Hans-Joachim Irmler

Life Like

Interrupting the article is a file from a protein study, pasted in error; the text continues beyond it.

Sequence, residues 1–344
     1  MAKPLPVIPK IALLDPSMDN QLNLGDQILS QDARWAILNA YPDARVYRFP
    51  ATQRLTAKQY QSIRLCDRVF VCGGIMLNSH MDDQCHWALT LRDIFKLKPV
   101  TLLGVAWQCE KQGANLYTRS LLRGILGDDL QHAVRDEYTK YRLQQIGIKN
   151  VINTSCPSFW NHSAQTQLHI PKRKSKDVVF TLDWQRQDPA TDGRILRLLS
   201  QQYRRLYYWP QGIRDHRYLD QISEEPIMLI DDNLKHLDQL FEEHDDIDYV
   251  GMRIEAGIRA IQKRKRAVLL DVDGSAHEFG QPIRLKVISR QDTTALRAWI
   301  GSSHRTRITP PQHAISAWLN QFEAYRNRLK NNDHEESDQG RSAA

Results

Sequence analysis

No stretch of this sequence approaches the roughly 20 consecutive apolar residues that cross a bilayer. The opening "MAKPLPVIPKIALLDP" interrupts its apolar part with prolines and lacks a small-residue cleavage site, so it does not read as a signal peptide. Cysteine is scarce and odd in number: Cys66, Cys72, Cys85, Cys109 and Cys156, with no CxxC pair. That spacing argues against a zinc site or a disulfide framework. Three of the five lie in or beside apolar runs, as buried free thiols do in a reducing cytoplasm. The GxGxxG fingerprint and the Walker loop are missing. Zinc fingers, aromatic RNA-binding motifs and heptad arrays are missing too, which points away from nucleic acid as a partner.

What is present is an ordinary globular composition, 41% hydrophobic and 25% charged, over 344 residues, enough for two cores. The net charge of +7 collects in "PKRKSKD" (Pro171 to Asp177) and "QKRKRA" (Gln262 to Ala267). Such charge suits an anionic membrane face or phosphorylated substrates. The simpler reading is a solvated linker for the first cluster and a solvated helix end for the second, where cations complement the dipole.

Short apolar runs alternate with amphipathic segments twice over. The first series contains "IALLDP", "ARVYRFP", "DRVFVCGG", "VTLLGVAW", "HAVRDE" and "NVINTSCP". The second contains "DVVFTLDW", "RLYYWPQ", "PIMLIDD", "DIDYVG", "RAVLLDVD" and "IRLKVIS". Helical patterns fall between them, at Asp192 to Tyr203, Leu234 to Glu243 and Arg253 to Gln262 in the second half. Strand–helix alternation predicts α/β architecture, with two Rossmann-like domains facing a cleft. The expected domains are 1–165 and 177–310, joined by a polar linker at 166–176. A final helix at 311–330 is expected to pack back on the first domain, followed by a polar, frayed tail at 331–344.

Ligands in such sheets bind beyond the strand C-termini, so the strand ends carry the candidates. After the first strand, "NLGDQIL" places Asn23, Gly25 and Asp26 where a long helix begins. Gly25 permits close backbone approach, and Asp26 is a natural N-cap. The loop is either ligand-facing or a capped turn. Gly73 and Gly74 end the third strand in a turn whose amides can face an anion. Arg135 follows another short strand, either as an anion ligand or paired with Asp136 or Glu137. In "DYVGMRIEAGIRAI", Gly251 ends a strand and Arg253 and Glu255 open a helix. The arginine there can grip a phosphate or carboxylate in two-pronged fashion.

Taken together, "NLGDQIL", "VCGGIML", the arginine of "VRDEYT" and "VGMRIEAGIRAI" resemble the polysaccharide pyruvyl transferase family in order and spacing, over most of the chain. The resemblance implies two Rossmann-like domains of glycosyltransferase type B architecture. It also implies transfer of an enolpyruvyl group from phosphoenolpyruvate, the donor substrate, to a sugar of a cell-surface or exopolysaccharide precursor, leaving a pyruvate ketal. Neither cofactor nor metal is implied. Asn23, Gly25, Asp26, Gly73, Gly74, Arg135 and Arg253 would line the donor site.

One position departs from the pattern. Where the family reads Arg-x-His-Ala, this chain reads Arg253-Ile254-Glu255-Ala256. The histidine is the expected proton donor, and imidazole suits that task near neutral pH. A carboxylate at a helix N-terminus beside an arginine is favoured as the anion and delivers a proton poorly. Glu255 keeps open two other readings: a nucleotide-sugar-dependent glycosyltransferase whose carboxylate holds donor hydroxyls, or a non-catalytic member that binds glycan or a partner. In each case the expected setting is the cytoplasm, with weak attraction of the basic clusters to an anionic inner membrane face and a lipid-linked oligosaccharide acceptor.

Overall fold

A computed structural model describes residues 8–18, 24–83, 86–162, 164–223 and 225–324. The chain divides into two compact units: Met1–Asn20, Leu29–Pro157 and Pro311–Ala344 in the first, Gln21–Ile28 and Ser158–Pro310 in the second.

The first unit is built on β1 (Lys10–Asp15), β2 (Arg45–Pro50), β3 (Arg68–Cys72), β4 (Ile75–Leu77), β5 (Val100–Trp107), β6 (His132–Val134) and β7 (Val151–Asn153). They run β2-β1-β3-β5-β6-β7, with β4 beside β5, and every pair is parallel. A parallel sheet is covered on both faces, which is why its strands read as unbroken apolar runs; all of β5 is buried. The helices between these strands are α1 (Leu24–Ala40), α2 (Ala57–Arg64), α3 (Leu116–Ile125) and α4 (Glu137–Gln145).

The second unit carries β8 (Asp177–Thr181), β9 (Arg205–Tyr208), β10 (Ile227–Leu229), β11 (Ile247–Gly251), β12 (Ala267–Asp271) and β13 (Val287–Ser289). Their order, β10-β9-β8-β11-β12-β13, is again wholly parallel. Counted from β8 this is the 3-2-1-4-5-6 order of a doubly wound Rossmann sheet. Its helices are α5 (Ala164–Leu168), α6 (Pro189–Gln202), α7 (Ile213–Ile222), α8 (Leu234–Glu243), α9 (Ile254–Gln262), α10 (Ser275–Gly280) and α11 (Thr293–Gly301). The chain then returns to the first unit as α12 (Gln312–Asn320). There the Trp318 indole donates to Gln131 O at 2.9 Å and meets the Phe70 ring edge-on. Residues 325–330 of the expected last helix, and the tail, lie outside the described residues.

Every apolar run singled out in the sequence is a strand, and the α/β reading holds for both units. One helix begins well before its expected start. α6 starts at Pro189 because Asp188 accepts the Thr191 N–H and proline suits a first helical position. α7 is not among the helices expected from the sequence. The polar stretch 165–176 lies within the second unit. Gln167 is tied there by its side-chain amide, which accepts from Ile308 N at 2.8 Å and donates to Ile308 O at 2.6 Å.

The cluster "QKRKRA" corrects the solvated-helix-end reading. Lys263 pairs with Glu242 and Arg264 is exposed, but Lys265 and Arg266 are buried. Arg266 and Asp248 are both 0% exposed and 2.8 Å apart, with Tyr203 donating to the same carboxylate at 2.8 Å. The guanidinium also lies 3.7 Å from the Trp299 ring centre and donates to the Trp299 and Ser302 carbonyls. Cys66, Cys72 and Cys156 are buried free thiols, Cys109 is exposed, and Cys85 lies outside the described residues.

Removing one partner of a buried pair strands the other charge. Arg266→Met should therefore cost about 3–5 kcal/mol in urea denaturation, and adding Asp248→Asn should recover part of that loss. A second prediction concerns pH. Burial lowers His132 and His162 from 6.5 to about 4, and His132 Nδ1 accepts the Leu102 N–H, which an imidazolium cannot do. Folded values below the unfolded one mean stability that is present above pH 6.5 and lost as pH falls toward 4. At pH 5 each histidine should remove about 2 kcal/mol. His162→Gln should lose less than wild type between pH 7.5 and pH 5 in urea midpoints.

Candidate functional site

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In his liner notes, Ralf Bei der Kellen explains that Hans Joachim Irmler sees Life Like like a fictional "biography in sound," a "path through a life." Both expressions are too cumbersome; they drag too many lame conceptual albums, too many references to new age music, and condition too firmly the listener's approach to the album. Life Like doesn't need pretentious claims. It stands very well on its own. Irmler's first solo album, it offers -- finally -- a chance to dissect Faust's sound into one of its constituent parts. The back cover lists no credits, so the listener is left guessing, but it is obvious that most of the music originates from Irmler's keyboards, especially his modified organs. Some Faust fans may find it lacking in rhythm (there isn't any) or song structures (there aren't any). What is there is the grinding of a Leslie cabinet, the distinctive growl of overdistorted organ clusters, the fleeting bird-like high-note motifs. They are moving around from left to right, joined by various "real-life" recordings: rainstorms, traffic, exotic celebrations. Irmler pays close attention to texture and to a certain form of storytelling -- once again, don't stick to the "biographical" theme, make up your own story. Each track is the result of an accretion process paired to a sound collage approach. Occasionally, and especially halfway through the album, melodies reach the sonic surface and gracefully float away. But for the most part Life Like proposes dense textures of organs, electronics, and field recordings. It makes for an absorbing -- if at first uneasy -- listen that often takes you through beautiful soundscapes.

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